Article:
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Divorce Q&A

Here are some common questions regarding divorce. Please find lawyers on our website and contact to discuss your specific concerns with an attorney.

What are the differences between: divorce, dissolution of marriage, legal separation, and annulment?

Dissolution of marriage, or divorce, is a legal proceeding to end a marital relationship.

A legal separation involves the same procedures as a divorce, but remarriage to another person is prohibited. When an annulment is granted, the judge is saying that your marriage is void; or, legally, the marriage never existed.

What is required for a divorce to be granted?

In US, a divorce will be granted if one party alleges that there has been an irretrievable breakdown of the marital relationship.

Do I qualify for an Annulment?

You must prove either that the marriage is void or voidable. Most people, however, do not qualify for an annulment. You may be able to get an annulment if: (1) A party lacked capacity to consent to the marriage at the time the marriage was solemnized, either because of mental incapacity or infirmity and the other party, at the time the marriage was solemnized, did not know of the incapacity; (2) because of the influence of alcohol, drugs, or other incapacitating substances; (3) because consent of either was obtained by force or fraud and there was no subsequent voluntary cohabitation of the parties; (4) a party lacks the physical capacity to consummate the marriage by sexual intercourse and the other party at the time the marriage was solemnized did not know of the incapacity; or (5) a party was less than 18 years-old without parental consent or 16 years-old with parental consent.

If there are children involved, it will usually be in their best interests to stay in the family home.

Will I have to pay (or will I receive) alimony/ maintenance?

Maintenance (or alimony) is a monetary payment on a regular basis from one spouse to the other during or following a divorce. Whether maintenance is awarded depends on the facts of each case, such as the length of the marriage, the standard of living enjoyed during their time together, the relative incomes of the parties and their respective needs, the emotional and physical health of the parties, etc. The payments may be made for a period of time or may be paid indefinitely following the divorce.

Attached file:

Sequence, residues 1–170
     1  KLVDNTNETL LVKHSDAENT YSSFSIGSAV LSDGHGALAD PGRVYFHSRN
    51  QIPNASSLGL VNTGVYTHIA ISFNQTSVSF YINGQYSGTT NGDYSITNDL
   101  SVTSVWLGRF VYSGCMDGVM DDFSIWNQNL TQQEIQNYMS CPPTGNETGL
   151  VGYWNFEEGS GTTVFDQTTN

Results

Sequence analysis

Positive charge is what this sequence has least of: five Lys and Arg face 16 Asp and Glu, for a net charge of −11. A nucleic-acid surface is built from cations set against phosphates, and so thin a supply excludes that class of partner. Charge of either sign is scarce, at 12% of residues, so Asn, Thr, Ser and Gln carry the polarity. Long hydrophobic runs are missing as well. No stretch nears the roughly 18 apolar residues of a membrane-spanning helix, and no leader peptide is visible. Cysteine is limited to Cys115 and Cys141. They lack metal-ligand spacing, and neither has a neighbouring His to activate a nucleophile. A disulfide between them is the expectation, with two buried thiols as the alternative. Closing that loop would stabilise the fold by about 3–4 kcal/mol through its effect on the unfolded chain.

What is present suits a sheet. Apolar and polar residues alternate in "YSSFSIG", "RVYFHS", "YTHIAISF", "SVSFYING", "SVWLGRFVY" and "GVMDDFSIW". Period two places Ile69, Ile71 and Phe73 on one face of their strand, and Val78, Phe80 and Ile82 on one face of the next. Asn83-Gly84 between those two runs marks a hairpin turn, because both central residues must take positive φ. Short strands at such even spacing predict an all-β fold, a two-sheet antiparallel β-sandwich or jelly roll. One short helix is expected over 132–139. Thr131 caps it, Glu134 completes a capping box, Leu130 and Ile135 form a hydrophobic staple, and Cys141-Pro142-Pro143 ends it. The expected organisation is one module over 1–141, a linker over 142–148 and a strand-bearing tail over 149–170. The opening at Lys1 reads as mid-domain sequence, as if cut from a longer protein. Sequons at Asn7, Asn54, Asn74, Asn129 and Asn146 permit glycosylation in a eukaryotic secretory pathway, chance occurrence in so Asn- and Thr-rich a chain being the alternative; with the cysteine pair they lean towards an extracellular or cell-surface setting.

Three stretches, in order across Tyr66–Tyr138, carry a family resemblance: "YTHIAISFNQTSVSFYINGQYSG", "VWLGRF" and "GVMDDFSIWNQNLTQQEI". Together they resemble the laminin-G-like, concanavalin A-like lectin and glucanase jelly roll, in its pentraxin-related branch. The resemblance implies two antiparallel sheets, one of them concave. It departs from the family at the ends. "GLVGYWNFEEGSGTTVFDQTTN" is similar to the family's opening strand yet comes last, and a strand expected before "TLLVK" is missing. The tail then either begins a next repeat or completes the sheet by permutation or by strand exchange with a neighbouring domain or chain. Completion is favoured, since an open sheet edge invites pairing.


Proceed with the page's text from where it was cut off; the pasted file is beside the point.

What usually happens with the family home?

If the home was purchased during the marriage and mortgage payments are made out of the incomes of one or both spouses, the home is considered to be owned equally by each spouse. If there are children involved, it will usually be in their best interests to stay in the family home. The court prefers to award possession of the home to the custodial parent. If the home was purchased before or from funds belonging to only one spouse, such as inheritance funds, the home may be partially non-marital property and not part of the court’s calculation of the division of assets.

How are the bills and property divided?

If you and your spouse cannot agree on how to make the division, the court has broad power to divide marital property “equitably” or fairly. The court may consider many factors in distributing property and in determining liability for debt repayments such as earning ability, child custody, physical and emotional health of the parties, and the length of the marriage. The value of marital assets, such as a family business or pension plan, will be divided by the court if the parties cannot agree on the division.

As part of the divorce decree, my ex-spouse said he/she would pay the credit card debt. Do I still have a legal obligation to those creditors?

Your ex-spouse may be in contempt of court for disobeying a court order. However, if you are jointly liable to a creditor, your ex-spouse’s contempt of court will not excuse your non-payment. Your contract with the creditor exists notwithstanding and you are still responsible even if your ex-spouse fails to pay.


What if we cannot come to an agreement?

Sometimes court litigation is the only path to resolution. At such times, it is important to retain an experienced attorney with strong advocacy skills, not only in the relevant areas of the law, but in the courtroom as well.

What is Collaborative Law?

Collaborative Law is an alternative form of dispute resolution. Collaborative law attorneys seek to arrive at mutually agreeable solutions without having to resort to litigation.

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